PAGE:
There is a positive correlation between risk and reward. Higher risks bring higher returns. Lower risks bring low returns.
Each day you hold onto dollars, you become poorer. Over time, inflation destroys the purchasing power of your savings. A dollar today might be worth only $.70 in purchasing power a decade from today.
Understanding investment risk
There is no way to make a risk-free profit. By definition, investments have two sources of returns: inflation and risk. Thus, a risk-free opportunity like a certificate of deposit or US Treasury bill or bond should provide a return equal to the inflation rate. There is no risk to a US Treasury bill or bond, or a FDIC-insured certificate of deposit. In the worst case, you will get your dollars back because the US government will take to the printing presses to make you equal.
Theoretically, there is some risk to the safest investments. If you buy a certificate of deposit and earn 1% per year for 5 years, the risk is that your savings will not grow fast enough to keep up with inflation. Likewise, there is a risk that you won’t be able to save enough for a big purchase or a future retirement lifestyle.
How much risk should you take?
The best time to take a risk is when you’re young, dumb, and invincible. You can easily make up for a loss in your twenties. You cannot make up for losses so easily when you are 70 years old, fragile, and thinking about a life without work.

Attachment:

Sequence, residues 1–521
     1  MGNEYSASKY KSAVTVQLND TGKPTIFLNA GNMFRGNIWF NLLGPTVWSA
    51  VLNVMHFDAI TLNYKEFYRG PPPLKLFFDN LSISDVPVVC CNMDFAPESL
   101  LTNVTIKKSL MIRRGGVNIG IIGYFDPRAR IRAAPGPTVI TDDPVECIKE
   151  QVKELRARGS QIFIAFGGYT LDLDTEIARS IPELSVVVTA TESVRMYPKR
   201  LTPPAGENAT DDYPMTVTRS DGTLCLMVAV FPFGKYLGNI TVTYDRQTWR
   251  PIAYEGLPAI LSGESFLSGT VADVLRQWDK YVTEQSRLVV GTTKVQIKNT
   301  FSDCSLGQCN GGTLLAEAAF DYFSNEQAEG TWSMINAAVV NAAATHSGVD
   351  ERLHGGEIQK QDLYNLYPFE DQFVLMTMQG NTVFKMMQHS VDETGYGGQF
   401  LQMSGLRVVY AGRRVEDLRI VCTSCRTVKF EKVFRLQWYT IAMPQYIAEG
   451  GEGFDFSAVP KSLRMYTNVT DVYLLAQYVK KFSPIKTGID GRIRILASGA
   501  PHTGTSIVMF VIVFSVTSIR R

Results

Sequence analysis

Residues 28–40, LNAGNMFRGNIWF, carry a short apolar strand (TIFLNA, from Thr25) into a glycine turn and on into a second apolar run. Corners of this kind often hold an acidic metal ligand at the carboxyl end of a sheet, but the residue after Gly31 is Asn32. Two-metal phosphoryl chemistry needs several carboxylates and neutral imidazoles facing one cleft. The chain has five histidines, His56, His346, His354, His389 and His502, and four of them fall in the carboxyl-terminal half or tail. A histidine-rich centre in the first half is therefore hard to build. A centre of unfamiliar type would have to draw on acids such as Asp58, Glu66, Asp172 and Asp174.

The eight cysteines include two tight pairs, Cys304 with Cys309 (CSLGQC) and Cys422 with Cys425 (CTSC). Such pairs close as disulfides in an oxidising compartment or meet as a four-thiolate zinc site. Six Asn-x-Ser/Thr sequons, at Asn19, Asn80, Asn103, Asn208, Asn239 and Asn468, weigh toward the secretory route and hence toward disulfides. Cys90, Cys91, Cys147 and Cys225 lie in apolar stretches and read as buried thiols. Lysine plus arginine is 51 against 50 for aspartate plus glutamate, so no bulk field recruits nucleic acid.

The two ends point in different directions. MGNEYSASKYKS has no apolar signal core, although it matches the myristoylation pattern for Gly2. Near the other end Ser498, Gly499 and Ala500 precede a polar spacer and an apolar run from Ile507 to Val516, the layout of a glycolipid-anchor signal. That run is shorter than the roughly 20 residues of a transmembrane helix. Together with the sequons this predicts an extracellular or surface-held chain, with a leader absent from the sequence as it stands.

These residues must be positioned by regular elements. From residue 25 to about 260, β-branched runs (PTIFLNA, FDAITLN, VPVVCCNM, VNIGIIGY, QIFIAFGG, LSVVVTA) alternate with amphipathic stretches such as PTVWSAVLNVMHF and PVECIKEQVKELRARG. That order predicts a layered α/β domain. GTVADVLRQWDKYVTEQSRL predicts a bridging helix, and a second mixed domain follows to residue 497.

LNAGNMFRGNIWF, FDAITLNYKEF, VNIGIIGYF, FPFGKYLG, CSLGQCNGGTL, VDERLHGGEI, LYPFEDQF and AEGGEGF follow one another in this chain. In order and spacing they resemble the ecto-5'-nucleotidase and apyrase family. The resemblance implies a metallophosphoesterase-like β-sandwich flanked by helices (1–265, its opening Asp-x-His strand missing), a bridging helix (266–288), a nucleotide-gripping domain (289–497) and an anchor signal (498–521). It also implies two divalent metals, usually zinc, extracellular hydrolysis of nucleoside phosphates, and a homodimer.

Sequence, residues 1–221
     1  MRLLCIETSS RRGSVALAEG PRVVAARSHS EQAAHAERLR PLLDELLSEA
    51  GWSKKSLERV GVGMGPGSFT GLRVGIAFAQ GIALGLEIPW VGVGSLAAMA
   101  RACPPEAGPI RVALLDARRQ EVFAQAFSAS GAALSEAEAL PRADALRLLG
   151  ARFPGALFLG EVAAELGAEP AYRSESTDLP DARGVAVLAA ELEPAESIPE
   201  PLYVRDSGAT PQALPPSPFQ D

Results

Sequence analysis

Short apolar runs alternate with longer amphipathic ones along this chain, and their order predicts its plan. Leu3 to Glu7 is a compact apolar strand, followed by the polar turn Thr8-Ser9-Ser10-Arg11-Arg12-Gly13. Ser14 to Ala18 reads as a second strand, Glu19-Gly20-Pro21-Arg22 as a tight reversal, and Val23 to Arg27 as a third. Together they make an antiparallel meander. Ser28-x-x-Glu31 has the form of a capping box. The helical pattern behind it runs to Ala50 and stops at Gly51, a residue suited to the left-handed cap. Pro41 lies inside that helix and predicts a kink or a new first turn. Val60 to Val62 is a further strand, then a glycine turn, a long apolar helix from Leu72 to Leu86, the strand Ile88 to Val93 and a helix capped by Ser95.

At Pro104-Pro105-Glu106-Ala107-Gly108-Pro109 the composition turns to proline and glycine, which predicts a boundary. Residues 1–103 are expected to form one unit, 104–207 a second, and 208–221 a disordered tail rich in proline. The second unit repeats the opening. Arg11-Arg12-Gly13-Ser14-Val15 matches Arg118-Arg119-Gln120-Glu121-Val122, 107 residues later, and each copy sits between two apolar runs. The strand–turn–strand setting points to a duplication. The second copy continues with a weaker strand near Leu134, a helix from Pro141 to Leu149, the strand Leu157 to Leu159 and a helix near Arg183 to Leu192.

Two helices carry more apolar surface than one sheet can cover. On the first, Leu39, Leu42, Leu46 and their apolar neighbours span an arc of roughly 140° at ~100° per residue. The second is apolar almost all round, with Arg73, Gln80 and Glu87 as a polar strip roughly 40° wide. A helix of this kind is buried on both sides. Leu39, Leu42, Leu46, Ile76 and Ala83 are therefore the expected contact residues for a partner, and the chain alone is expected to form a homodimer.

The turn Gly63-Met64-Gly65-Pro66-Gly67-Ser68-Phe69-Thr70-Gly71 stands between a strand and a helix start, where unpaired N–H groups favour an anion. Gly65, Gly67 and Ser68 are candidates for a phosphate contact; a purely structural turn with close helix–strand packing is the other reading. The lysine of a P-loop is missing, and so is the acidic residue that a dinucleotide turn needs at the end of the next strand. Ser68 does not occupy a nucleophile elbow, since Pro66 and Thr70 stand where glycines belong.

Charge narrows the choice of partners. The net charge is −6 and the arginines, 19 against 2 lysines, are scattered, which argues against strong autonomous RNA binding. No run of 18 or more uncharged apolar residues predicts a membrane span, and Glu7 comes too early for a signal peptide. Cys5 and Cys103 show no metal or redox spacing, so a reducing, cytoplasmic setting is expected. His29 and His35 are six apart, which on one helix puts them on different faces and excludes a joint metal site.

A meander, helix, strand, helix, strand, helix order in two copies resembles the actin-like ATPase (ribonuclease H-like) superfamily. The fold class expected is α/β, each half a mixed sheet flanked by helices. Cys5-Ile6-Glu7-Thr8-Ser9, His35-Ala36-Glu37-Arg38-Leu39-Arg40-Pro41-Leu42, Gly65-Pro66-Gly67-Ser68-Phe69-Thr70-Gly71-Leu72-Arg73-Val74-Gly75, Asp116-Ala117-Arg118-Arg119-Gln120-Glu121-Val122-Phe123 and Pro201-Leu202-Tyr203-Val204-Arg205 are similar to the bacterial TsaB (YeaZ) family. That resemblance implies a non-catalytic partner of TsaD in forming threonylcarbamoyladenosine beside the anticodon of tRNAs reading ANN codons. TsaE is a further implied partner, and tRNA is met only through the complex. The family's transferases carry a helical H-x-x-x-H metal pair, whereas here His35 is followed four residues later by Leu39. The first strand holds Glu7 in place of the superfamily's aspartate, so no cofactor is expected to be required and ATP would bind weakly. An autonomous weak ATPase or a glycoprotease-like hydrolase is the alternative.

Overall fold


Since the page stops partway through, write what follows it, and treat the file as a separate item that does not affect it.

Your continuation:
Risk is measured by how volatile a portfolio is. A portfolio of 100% CD investments will have zero volatility. However, a portfolio of 100% CDs will only reward you with very small, single digit returns. After inflation, you’ll likely lose purchasing power each year.
In the same way, a portfolio of 100% stocks is much riskier as the stock market is volatile. Stocks rise and fall in value by 1% or more from day to day. However, in the long run, a portfolio of 100% stocks provides the highest returns.
Investors should seek to find balance between risk and reward. Here’s a good starting portfolio for a young investor:
60% American stocks – The American stock market is the largest in the world. U.S.-based companies make money domestically by selling goods and services to Americans, but they also have exposure to the international markets. General Motors is an all-American company bought and sold on American exchanges, but it makes cars in Europe, Asia, and South America. One of the best ways to invest in the American stock market is to buy a fund like the Vanguard Total Stock Market Index Fund (VTSMX), which invests in every single investable stock on American exchanges.
20% International stocks – International markets are the riskiest investments as they include up and coming emerging markets with less stable governments and financial markets. However, diversified investors will want some exposure to international opportunities. A fund like the Vanguard FTSE All-World ex-US Index Fund (VFWIX) will put investors right in the mix for international stocks.
20% bonds – Bonds are not the kind of investment that will make you rich, especially since 10-year US Treasury bonds yield less than 2%. Bonds are meant as a safety net to avoid the risk of buying high and selling low. When you rebalance your portfolio, which you should do annually, you’ll sell stocks and buy bonds when stocks rise. When stocks fall, you’ll be selling bonds and buying stocks. Thus, bonds act as a mechanism for avoiding large-scale investment losses. Consider a fund like the Vanguard Intermediate-Term Bond Index (VBIIX), which holds bonds spanning 5-10 years.
Rebalancing and diversification
The example portfolio above would leave you owning more than 5500 stocks and 1400 bonds, despite the fact you’d own only three different funds.